Viddsee Originals newest addition ‘Queen of Hearts’ explores the aftermath of cyberbullying – getting down into the different perspectives for not just the victims and their friends but also the bullies. Created by Singaporean filmmaker JD Chua and produced by Viddsee Studios, ‘Queen of Hearts’ delves into the causes and effects of bullying.
Shot entirely on the iPhone X, the story centres on the disappearance of social media influencers Tori Leong, played by Caryn Cheng. She vanishes a month after going public with her relationship and this leads to wild speculation from her followers with some calling her out for pulling a publicity stunt.
We caught up with JD Chua to talk about the inspiration behind the series and his approach on including a different perspective, of the bully, in the story.
So let’s start with why you decided to focus on the bully in this story?
‘Queen of Hearts’ is more than just about the bullies – it’s about the act of cyberbullying told from multiple perspectives, from the bullies to the friends and to the victim. It shows that the act goes beyond just between the bully and the victim. We should understand where they are coming from and what they are going through and maybe have the audience find relativity in them. I want the audience to realise that how they are dealing with their issues is malicious, no matter if they are aware of it or not. It is easy to feature the victim only and just find empathy with him/her. But to feature the bullies too, I find exploring that perspective makes the series fair and more objective.
Were you drawing from any personal experience when developing these characters? Would you mind sharing a bit about that?
After witnessing a friend whose privacy was invaded from his postings and after witnessing another friend going through Instagram and Facebook to mine for information, I find that the current world of social media can be truly scary. I recall a time as an irresponsible youth joining my friends in impersonating as a girl to lure users on IRC (Internet Relay Chat) to have conversations. Some of the stuff they shared were seriously intimate. It was an awful deed that we had committed, so when Viddsee had an open call for thriller projects on cyberbullying, I used these experiences as the basis.
Also, it is rather interesting to read the comments among the users on the webseries on YouTube.
What kind of comments have you seen?
It’s a little meta. I chanced upon one user commenting on another, calling her an ‘idiot’, on the very episode on the victim of cyberbullying. Maybe it was just a comment. I’m not sure the extent of that user’s abuse. I thought it might not happen if they were to meet in real life. It was interesting that people can still be unaware of their actions online.
How did you approach these characters of bullies and their motivations?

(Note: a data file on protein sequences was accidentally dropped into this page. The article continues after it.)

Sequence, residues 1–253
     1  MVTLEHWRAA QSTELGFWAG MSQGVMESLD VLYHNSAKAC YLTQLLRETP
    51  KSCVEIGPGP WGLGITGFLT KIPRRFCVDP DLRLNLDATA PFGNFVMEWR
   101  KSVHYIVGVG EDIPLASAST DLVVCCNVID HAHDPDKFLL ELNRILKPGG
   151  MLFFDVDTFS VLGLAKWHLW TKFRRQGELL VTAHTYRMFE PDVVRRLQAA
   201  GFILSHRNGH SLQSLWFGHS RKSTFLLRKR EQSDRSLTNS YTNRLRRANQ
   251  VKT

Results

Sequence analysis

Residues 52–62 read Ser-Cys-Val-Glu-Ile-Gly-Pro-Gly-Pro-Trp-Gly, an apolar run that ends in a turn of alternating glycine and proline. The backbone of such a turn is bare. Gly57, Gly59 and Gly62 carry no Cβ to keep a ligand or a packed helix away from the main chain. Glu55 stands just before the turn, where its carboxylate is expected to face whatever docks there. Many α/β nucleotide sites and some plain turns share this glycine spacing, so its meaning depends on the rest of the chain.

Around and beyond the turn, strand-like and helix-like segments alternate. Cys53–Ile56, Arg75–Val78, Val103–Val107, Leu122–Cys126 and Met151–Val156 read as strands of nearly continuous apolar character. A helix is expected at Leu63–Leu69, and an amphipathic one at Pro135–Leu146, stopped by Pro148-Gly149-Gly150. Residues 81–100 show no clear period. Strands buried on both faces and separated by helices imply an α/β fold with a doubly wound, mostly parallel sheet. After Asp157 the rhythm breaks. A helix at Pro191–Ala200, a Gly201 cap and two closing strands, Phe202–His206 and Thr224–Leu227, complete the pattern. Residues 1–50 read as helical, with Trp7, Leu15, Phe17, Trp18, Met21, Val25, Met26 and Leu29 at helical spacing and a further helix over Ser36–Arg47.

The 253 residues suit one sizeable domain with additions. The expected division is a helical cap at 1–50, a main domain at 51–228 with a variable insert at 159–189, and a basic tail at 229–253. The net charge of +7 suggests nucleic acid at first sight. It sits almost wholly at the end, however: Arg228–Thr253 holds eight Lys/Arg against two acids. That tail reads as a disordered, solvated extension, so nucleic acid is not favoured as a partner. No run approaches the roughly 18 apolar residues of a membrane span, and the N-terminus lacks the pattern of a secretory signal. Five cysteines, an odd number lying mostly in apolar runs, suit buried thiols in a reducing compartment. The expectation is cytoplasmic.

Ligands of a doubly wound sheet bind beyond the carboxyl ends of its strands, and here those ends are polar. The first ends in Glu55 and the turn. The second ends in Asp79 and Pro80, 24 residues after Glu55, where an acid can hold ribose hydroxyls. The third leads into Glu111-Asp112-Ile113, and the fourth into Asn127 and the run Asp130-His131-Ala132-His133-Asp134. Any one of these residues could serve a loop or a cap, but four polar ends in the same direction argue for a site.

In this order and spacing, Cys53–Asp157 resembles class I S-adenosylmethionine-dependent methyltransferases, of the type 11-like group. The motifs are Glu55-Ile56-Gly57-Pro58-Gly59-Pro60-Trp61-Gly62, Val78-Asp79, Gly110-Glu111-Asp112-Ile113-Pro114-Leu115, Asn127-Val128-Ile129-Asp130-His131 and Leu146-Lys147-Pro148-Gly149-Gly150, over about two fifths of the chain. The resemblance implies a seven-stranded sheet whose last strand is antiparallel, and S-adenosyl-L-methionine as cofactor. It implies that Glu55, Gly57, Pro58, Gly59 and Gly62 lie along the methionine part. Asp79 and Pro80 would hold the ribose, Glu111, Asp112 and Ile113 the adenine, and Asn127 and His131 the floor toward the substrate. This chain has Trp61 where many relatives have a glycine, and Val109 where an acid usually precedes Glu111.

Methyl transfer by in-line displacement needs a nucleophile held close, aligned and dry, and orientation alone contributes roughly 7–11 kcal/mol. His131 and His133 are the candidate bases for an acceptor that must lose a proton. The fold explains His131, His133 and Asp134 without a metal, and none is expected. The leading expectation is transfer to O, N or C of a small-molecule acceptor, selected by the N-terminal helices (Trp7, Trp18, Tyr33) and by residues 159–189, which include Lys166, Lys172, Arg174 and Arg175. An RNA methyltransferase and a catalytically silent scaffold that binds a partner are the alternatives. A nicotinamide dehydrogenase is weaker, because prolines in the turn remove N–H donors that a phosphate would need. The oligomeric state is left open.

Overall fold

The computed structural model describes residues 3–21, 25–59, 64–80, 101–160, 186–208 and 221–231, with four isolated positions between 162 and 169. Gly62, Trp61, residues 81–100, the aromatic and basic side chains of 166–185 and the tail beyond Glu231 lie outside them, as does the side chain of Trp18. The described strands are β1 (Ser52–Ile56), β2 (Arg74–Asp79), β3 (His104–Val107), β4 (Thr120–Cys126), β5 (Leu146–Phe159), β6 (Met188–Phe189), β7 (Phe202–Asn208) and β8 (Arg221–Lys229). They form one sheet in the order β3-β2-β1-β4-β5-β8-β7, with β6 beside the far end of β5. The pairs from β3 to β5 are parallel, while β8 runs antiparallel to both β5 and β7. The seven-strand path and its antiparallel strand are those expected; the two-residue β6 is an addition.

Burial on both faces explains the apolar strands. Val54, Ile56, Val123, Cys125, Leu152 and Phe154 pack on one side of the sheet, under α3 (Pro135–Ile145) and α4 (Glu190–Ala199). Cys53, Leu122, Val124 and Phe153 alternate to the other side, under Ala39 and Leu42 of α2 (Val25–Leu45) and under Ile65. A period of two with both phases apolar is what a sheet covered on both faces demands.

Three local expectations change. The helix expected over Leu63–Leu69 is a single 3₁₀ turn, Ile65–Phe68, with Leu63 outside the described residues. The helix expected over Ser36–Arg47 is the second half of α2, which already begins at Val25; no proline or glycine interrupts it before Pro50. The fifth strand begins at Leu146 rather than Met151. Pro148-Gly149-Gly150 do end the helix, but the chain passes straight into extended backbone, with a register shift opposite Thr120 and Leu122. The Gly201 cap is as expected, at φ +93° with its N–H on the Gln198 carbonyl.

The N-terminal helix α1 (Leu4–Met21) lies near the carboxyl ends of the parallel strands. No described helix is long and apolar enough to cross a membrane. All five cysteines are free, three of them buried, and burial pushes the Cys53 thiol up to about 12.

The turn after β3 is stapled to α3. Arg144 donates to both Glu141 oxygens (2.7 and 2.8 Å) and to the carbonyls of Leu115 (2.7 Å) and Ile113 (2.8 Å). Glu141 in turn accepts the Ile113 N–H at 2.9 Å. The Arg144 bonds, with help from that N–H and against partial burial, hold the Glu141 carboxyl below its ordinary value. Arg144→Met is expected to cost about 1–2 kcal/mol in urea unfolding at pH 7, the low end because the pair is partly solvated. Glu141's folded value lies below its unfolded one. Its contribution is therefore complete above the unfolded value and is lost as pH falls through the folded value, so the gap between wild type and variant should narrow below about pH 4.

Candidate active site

I believe that without the internet, the act of bullying is still an act of bullying. And thus the bullies are still bullies. And recognizing that, the bullies are humans too. They have their own motivations in their own lives, their own issues that they have to deal with and they have to retreat to other forms of outlet. In this case, to go online to vent their grievances.
What was the filming process like in terms of bringing these characters to life in a way that made sense to the audience?
We must first have the screenplays make sense on script. From there, the team and I have discussions on how best to convey our thesis and then we step into production. On paper, we can see if the characters match up to what we want to say and if they make sense to us; then we direct the series in an expression that makes sense to the audience.
We shot the entire series on iPhone Xs; we are spending most of our social media time on our smartphones, and it was only fitting that we produced the whole series using our mobile devices.
So what message are you trying to send out with this series?
I want to spread awareness of how we behave online can affect somebody else, even somebody we have never met. And like I said, cyberbullying is still bullying. The bully just gets away easier.
While the series focuses on the negative aspect of interacting online, one mustn’t forget that we can do good too! Anyone remember when a foreigner was caught in a retail scam? Some kind soul out there started a campaign to raise money to help that foreigner. So, we are now in the online world. How you interact is up to you.
Obviously, good manners and kindness should permeate through to every aspect of our lives, from real life interactions to our behaviour online. But do you think there needs to be a special focus in how we teach our children about internet etiquette, especially since the net in general is something so new to everyone (with the exception of the latest gen Z who are born into the world of internet)?
I am not sure how we can teach about the internet except to spread awareness. I feel that children need to be taught about etiquette. Period. No matter online or offline. There are agencies who are experts this and better suited to help us with this issue with expertise. (JD notes that the Medial Literacy Council has a comprehensive guide for parents on cyberbullying) https://www.betterinternet.sg/Resources/Resources-Listing/Parents—cyber-bullying
I do feel that if one actually observes the power of his/her actions online and the effects it can cause, he/she might be a little more responsible with the power of the internet.
I always thought how you behave, no matter on which platform, is a reflection on how you’ve been brought up.
Check out The Viddee Original Series Queen of Hearts on Viddsee.com ( https://www.viddsee.com/series/queen-of-hearts).